This appeal concerned the sufficiency of evidence to support a jury verdict that Etienne intentionally violated a bond which prohibited him from having contact with “P.J.” Etienne said the contact was accidental. Due to the deference given to jury findings, Etienne’s argument failed. So did his claimed due process violation.
When reviewing the sufficiency of evidence to support a jury verdict, if there is a possibility “that the trier of fact could have drawn the appropriate inferences from the evidence adduced at trial to find the requisite guilt, an appellate court may not overturn the verdict even if it believes the trier of fact should not have found guilt based on the evidence before it.” Slip op. ¶4 (quoting State v. Poellinger, 153 Wis. 2d 493, 507, 451 N.W.2d 752 (1990)).
Based on this testimony, the jury could reasonably infer that, regardless why or how the encounter began, Etienne willingly continued to engage in contact with P.J. when he could have chosen to break off contact and leave the scene. Given Etienne’s testimony, a reasonable jury could have found that Etienne willingly allowed P.J. to get into the car he was in; Etienne and P.J. began arguing; P.J. eventually got out of the car; and Etienne intentionally remained in P.J.’s presence even after she got out of the car and began yelling at him and kicking the car. Slip op.¶11.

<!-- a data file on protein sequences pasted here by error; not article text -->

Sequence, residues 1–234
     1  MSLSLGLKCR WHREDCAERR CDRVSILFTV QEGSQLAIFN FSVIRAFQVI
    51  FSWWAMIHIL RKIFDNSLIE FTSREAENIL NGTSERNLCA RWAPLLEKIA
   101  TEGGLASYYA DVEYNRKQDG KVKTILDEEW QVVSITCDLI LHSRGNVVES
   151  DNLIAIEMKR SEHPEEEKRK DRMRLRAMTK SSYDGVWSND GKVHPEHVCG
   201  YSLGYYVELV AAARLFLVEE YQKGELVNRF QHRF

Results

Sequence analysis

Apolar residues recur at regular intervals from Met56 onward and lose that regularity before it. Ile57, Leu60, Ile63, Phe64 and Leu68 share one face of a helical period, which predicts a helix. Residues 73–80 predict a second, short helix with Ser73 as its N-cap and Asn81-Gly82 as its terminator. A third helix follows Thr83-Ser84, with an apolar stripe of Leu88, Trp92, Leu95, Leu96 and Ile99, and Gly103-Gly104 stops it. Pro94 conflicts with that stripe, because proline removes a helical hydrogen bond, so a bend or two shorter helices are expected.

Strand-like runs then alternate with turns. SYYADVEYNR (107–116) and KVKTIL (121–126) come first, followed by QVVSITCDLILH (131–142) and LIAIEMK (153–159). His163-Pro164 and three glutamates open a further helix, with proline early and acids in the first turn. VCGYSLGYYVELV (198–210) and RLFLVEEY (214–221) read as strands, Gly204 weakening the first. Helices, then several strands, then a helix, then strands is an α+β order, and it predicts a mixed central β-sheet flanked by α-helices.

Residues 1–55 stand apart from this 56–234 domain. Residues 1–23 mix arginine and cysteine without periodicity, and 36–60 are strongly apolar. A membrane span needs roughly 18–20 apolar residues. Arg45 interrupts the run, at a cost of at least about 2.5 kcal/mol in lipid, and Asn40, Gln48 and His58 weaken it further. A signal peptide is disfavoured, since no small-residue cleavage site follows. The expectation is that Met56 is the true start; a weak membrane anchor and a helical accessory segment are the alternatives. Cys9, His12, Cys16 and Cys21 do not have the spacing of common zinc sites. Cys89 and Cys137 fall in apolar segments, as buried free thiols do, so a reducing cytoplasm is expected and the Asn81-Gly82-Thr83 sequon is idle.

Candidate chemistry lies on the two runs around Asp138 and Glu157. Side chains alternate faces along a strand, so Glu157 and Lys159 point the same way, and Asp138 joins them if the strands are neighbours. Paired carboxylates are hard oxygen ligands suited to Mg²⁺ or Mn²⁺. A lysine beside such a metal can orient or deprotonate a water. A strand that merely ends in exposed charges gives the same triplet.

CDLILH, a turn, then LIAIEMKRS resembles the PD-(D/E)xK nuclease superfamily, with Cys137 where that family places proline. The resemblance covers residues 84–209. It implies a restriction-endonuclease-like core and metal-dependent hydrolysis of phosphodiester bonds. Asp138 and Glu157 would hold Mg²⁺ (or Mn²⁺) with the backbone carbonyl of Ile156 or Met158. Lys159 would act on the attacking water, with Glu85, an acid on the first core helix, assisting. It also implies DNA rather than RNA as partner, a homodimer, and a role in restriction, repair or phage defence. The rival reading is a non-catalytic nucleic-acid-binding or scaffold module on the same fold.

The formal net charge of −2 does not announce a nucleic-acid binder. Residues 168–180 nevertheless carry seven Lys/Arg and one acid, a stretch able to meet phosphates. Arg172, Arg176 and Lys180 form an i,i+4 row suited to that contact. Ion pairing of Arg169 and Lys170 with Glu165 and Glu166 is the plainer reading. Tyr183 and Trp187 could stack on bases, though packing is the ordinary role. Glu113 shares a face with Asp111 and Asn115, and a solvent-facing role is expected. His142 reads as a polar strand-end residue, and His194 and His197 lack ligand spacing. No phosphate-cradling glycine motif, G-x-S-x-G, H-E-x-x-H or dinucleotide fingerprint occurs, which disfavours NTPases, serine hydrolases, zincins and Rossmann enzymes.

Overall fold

Etienne further argued that a conviction based on accidental and unavoidable contact with P.J. violates his right to due process. See e.g. Arciniega v. Freeman, 404 U.S. 4, 5 (1971); Alonza v. Rozanski, 808 F.2d 637, 639 (7th Cir. 1986). U.S. v. Loy, 237 F.3d 251, 268-69 (3rd Cir. 2001). The court of appeals assumed that this line of cases applies, but held:
Etienne’s due process argument assumes that his view of the evidence is true. However, I must view the evidence in a light most favorable to the jury’s verdict. And, as demonstrated, the evidence supports a finding that Etienne had contact with P.J. that was not accidental and that was avoidable. Slip op.¶15.